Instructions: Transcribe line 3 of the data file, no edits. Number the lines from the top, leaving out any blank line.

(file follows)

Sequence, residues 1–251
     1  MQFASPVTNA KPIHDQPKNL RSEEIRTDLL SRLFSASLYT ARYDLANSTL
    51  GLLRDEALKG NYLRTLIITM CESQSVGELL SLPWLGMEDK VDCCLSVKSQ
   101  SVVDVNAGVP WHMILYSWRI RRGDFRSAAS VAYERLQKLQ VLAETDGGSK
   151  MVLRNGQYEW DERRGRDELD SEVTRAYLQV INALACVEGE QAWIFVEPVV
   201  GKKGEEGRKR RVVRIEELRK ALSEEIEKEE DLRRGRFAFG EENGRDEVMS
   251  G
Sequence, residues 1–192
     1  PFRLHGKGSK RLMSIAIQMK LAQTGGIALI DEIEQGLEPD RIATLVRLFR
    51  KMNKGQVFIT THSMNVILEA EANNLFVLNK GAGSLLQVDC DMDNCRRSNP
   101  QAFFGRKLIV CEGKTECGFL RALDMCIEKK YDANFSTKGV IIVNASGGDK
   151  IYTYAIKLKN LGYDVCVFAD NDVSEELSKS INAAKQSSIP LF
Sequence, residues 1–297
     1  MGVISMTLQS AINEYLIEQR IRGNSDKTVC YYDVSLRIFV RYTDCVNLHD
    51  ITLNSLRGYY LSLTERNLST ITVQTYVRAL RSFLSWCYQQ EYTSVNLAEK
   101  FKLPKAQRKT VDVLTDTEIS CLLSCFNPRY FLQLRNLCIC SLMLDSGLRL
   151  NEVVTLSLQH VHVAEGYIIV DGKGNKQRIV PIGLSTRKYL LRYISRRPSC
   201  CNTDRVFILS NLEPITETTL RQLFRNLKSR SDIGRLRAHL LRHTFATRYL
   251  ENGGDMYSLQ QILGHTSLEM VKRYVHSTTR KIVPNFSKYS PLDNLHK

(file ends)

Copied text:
    51  GLLRDEALKG NYLRTLIITM CESQSVGELL SLPWLGMEDK VDCCLSVKSQ